MtGox bitcoin founder gets suspended sentence for data tampering

In this file photo taken on July 11, 2017 French national Mark Karpeles, former CEO of collapsed Bitcoin exchange MtGox, attends a press conference after his first hearing in Tokyo. (AFP)
Updated 15 March 2019
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MtGox bitcoin founder gets suspended sentence for data tampering

  • Mark Karpeles was convicted for tampering with computer data but acquitted him over embezzlement charges
  • MtGox was shut down in 2014 after 850,000 bitcoins (worth half a billion dollars at that time) disappeared from its virtual vaults

TOKYO: A Japanese court sentenced the former high-flying creator of the MtGox bitcoin exchange to a suspended jail sentence of two and a half years Friday after finding him guilty of data manipulation.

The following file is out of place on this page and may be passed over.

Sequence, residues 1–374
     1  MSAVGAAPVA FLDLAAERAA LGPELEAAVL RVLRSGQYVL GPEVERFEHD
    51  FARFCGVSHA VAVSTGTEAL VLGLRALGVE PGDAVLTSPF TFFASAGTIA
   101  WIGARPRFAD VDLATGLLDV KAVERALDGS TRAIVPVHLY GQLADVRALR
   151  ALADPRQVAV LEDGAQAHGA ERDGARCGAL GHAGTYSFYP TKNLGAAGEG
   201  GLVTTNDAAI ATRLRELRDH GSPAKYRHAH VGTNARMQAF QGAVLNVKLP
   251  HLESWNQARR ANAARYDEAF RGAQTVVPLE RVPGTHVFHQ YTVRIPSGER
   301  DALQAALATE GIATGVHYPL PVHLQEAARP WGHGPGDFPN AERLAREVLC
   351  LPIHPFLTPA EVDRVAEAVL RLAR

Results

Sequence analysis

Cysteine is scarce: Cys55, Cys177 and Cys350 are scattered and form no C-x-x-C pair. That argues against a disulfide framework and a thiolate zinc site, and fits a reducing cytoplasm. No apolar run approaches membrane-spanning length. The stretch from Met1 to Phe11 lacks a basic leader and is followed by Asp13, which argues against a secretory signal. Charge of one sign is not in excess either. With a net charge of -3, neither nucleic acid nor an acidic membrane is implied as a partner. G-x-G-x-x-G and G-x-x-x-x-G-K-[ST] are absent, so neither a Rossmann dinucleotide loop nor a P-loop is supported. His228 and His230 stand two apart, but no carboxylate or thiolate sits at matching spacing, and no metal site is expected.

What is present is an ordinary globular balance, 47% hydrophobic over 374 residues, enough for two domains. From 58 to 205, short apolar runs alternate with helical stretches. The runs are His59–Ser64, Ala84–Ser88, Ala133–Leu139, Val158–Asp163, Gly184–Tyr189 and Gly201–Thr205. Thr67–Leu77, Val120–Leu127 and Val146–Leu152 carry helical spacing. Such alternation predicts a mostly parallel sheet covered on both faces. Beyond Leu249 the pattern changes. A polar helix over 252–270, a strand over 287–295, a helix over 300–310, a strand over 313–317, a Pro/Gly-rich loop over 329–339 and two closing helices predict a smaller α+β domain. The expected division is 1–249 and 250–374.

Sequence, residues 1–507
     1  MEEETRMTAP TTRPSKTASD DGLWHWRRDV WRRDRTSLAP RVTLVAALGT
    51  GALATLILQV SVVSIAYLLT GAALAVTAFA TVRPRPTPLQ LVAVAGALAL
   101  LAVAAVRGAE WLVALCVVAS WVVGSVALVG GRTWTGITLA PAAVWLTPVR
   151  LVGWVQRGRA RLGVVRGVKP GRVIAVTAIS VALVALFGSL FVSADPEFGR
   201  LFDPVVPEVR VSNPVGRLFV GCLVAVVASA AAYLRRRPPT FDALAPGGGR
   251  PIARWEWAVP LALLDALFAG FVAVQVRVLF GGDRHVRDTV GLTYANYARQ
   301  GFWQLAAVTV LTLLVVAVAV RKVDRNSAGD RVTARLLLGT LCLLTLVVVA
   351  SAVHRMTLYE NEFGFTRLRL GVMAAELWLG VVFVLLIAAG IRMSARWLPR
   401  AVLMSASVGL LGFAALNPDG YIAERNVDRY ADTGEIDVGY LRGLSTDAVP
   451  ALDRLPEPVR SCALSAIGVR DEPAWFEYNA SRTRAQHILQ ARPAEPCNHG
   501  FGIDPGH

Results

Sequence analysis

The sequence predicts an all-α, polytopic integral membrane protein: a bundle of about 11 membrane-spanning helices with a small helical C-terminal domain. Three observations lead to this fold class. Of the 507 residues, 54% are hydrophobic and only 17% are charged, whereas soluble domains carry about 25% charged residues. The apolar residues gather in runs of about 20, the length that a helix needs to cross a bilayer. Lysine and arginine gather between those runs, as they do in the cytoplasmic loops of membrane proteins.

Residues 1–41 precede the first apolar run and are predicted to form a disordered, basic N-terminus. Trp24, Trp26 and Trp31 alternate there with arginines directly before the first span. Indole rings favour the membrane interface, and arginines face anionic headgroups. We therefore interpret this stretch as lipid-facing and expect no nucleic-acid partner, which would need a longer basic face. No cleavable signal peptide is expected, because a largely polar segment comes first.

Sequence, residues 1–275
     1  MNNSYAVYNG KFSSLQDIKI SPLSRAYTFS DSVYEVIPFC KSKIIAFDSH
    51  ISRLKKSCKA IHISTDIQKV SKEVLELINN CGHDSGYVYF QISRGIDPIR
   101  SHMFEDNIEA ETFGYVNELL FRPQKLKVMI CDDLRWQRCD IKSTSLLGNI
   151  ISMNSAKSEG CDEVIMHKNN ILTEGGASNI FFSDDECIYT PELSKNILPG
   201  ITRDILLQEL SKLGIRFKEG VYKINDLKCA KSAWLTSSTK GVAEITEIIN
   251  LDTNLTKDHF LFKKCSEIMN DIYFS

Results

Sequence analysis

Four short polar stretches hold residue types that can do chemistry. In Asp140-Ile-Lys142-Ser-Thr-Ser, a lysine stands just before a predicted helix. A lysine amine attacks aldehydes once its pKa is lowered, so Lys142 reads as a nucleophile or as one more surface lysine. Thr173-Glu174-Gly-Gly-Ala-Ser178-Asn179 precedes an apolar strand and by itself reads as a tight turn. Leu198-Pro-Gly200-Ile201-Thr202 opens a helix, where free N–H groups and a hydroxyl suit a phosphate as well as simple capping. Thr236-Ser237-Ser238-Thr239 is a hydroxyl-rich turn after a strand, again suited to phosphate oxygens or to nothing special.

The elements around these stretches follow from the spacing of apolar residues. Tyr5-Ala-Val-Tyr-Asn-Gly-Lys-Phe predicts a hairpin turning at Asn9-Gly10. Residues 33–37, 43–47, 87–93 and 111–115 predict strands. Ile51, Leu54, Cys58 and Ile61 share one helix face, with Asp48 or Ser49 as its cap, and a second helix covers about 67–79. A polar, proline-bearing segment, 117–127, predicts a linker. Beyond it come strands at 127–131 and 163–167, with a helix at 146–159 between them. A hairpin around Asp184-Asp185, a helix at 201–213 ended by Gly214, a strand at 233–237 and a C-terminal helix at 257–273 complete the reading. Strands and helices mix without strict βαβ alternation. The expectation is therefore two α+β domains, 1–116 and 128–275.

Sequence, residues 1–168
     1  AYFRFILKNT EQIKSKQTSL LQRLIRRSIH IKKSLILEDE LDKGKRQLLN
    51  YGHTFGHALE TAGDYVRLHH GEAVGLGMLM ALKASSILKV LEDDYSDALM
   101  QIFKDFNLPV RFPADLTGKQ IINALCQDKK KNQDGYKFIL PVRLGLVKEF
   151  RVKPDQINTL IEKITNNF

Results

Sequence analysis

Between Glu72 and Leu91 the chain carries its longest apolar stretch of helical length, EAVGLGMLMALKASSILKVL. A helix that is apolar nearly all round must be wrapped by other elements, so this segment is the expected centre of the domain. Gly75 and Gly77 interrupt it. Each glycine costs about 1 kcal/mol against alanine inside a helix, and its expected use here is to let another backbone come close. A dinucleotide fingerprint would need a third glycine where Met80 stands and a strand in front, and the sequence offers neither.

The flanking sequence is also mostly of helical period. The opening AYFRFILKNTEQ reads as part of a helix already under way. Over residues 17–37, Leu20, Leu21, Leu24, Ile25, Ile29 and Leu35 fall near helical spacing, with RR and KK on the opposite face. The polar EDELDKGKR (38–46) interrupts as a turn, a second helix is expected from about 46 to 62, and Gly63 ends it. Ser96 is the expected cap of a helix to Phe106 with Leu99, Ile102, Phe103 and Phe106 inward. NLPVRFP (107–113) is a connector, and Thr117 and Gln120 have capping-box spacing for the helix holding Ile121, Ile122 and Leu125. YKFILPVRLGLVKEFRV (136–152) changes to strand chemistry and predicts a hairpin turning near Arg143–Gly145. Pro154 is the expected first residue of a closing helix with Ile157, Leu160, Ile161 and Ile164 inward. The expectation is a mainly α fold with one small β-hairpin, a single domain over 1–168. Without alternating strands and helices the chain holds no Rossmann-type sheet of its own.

The Tokyo District Court convicted Mark Karpeles, a 33-year-old computer whizz from France, for tampering with computer data but acquitted him over charges of embezzling millions from client accounts.
The sentence was suspended for four years.
In a summary of the ruling, the court said Karpeles had “harmed the users’ trust greatly” by manipulating data and “abused his expertise as an IT engineer and his position and authority.”
Prosecutors had claimed that Karpeles had pocketed some 341 million yen ($3 million) of client’s money and splashed it on a lavish lifestyle. They called for him to serve 10 years behind bars.
However, in throwing out the embezzlement charges, the judge said there was no financial damage done to MtGox and ruled that Karpeles did not intend to cause any damage.
The judge cited an expert opinion that said owners of small and medium enterprises often borrow funds without proper accounting and ruled that the court assumed Karpeles intended to return the money.
Karpeles entered the courtroom wearing a dark suit and black shoes and he bowed politely to the judge. He was motionless after the verdict was read out.